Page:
On the morning of winter solstice, the sounds of weapons clashing guided Brand to the courtyard where the housecarls trained. He had been there several times, pitting himself against the best of Leiknarr’s warriors. Usually in the evening hours, but this time, he made his appearance in the morning.
While the king’s warriors let any join them in the evening, the early hours were another matter. Every day soon after sunrise, the lady Svana took command of the ring, practising her weaponry against her father’s housecarls. As Brand entered the small yard, his line of sight was quickly blocked by two of the household warriors.
“You overstep,” one of them told Brand with a brusque voice. “If the king’s daughter wanted you present, you would have been summoned. Begone.”
“I thought the lady would be interested in testing her prowess against a knight,” Brand replied loudly. “Better opposition than her father’s carls, I wager.”
“If so, she will let you know.” The housecarl raised a hand, ready to push Brand back.
“Let him through,” Svana spoke. “On Thusund, we accept and even encourage boastful words – provided you can prove them.”
“Give me a sword, and I shall do so,” Brand declared.
His request was fulfilled with a shield in addition. Svana motioned for him to enter the ring. Besides her own shield, she wielded a short spear. As soon as Brand stepped forward, the princess struck. She attacked low where Brand’s shield could not protect in time. Swinging his sword, Brand barely parried the assault in time, pushing Svana’s spear aside.
The lady smiled, baring her teeth like a wolf. Several jabs with the spear followed, forcing Brand to constantly defend himself. The few times he could strike back with his sword, the distance made it easy for her to shield herself. The housecarls laughed and spoke among themselves, discussing the fight and Brand’s predicament.
Every time Brand tried to strike, he was met by the spear’s longer reach, forcing him to break off his attack to defend himself. Pushed back, Brand seemed increasingly in trouble; he could not make an offensive move, and sooner or later, Svana’s constant attacks were bound to find an opening.
As the lady struck her spear forward yet again, Brand changed tactics. He evaded and simply threw his shield into Svana’s face. As she raised her own shield to protect herself from his, Brand used his now empty hand to grab the haft of her spear. Pulling his opponent closer, Brand placed the tip of his sword against her throat, leaned against the edge of her shield.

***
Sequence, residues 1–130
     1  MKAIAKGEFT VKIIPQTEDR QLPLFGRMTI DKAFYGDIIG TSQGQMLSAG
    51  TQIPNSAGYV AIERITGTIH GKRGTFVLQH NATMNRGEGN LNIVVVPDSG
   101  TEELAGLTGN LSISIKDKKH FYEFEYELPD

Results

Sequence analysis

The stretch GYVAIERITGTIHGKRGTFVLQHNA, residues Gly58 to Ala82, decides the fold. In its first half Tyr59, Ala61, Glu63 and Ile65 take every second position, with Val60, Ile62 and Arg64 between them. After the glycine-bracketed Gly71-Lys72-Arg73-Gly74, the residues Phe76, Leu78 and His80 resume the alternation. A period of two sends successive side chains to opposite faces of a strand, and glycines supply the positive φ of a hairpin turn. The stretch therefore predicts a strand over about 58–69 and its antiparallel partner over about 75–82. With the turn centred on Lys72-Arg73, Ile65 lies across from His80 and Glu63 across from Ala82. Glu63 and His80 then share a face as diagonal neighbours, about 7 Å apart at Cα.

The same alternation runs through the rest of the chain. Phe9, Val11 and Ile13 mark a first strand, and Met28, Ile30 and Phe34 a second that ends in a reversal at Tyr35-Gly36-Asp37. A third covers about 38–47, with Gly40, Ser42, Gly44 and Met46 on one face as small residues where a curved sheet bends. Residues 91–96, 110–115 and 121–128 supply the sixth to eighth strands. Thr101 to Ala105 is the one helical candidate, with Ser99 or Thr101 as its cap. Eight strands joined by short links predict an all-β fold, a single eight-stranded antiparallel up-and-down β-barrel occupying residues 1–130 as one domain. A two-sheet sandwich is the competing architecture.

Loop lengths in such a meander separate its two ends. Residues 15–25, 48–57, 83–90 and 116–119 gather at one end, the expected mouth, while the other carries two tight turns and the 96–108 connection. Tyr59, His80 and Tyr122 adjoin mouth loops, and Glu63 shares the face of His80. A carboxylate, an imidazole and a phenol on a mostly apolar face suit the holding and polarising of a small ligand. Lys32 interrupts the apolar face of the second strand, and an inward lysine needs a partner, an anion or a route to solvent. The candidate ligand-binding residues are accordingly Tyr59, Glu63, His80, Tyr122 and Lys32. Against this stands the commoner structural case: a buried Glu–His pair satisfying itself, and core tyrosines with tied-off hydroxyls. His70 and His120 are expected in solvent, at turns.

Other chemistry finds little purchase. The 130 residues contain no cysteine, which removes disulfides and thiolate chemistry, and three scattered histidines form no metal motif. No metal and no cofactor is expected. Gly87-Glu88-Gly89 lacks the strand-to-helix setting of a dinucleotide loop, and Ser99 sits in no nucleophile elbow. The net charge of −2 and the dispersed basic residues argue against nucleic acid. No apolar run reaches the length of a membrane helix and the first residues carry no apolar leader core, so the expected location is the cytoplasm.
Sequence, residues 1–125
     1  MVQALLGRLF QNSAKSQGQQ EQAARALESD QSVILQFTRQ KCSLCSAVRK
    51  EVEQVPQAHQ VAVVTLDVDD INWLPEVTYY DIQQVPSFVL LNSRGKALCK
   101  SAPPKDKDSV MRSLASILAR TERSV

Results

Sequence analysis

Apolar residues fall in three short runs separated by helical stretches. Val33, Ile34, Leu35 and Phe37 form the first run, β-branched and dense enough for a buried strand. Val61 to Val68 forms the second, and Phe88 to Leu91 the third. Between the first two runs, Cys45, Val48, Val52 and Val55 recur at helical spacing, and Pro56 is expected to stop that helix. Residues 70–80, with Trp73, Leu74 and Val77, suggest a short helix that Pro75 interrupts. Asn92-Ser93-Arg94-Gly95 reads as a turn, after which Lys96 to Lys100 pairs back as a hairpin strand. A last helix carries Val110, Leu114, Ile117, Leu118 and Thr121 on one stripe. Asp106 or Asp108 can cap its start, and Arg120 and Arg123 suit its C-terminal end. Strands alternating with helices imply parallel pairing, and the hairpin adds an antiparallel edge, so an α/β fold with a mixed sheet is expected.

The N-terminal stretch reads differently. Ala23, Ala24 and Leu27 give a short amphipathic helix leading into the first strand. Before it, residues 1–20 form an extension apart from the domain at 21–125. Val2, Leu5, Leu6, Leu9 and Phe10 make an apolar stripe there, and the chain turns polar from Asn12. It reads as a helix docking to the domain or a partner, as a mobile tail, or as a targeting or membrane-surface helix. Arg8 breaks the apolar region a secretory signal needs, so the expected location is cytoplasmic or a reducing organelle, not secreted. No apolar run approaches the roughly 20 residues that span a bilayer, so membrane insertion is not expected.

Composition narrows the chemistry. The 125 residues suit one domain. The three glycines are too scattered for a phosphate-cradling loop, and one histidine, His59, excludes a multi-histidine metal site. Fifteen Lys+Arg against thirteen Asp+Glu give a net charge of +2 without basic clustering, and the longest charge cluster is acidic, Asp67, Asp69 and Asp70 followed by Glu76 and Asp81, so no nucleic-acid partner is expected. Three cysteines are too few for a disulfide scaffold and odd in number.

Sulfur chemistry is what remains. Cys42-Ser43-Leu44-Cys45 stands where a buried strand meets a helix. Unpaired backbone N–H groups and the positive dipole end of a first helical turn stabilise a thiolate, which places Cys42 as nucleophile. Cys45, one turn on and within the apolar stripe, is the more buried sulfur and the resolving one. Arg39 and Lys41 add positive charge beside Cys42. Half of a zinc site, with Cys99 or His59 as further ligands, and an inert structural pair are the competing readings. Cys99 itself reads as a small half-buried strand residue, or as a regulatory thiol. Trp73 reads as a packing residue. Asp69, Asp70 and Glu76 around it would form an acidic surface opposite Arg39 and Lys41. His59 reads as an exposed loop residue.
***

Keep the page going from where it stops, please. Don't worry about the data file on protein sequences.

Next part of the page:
The housecarls murmured amongst themselves. “You lost your shield,” one of them pointed out. “You’ll be vulnerable against your next enemy.”
“Yes,” Brand admitted, “but I won against this one.” He lowered his sword, and the princess gave a sly smile.
“Leave us,” she commanded, and the housecarls did so. “You do not disappoint, dragonborn. I had my doubts, observing you these past days, wondering if you would dare to make any moves.”
“If you wanted to see me take action, you could simply have summoned me,” Brand said.
“If I considered you a simple soldier, I would have. But you are meant to be a commander. What good is a leader who cannot take initiative?” She placed her weapons on the rack, giving Brand a look.
“There is truth in that,” he admitted.
“Tell me, what do you think of my brother?”
Brand hesitated. “I have not spoken enough to form much of an opinion.”
“He is clearly not fit to rule,” Svana continued, giving her own answer. “My father must be the only man in Thusund who cannot see this.”
“Yet as the king, his opinion matters the most.”
“While he lives. Once he is passed, the jarls will choose his successor. They are not blinded by familial bonds,” Svana claimed, pacing around the yard. “They will not follow someone as weak-willed as Sven.”
“Unless having a weak king would suit their needs,” Brand argued.
The princess stopped to stare at Brand. “You may have a point,” she conceded. “Certainly I can see no other reason why my father favours Sven. My brother would be an average king, accomplishing little nor causing waves. Thusund would continue as it has under my father’s rule.”
“You have greater ambitions, I take it.”
“I am not blind. I know supplies have been sent to Fortönn. In early winter? The only reason would be to prepare the island for a siege. You have come to us from Alcázar, dragonborn. What did you see in that fabled city of the South?”
Brand cleared his throat. “I saw the dungeons and made a hasty retreat.”
Svana wore a sardonic smile. “Yes, your strange journey through the Teeth, and with even stranger company. A princess of Alcázar and a dragonborn, wearing only rags.”
“That is her story to tell, not mine.”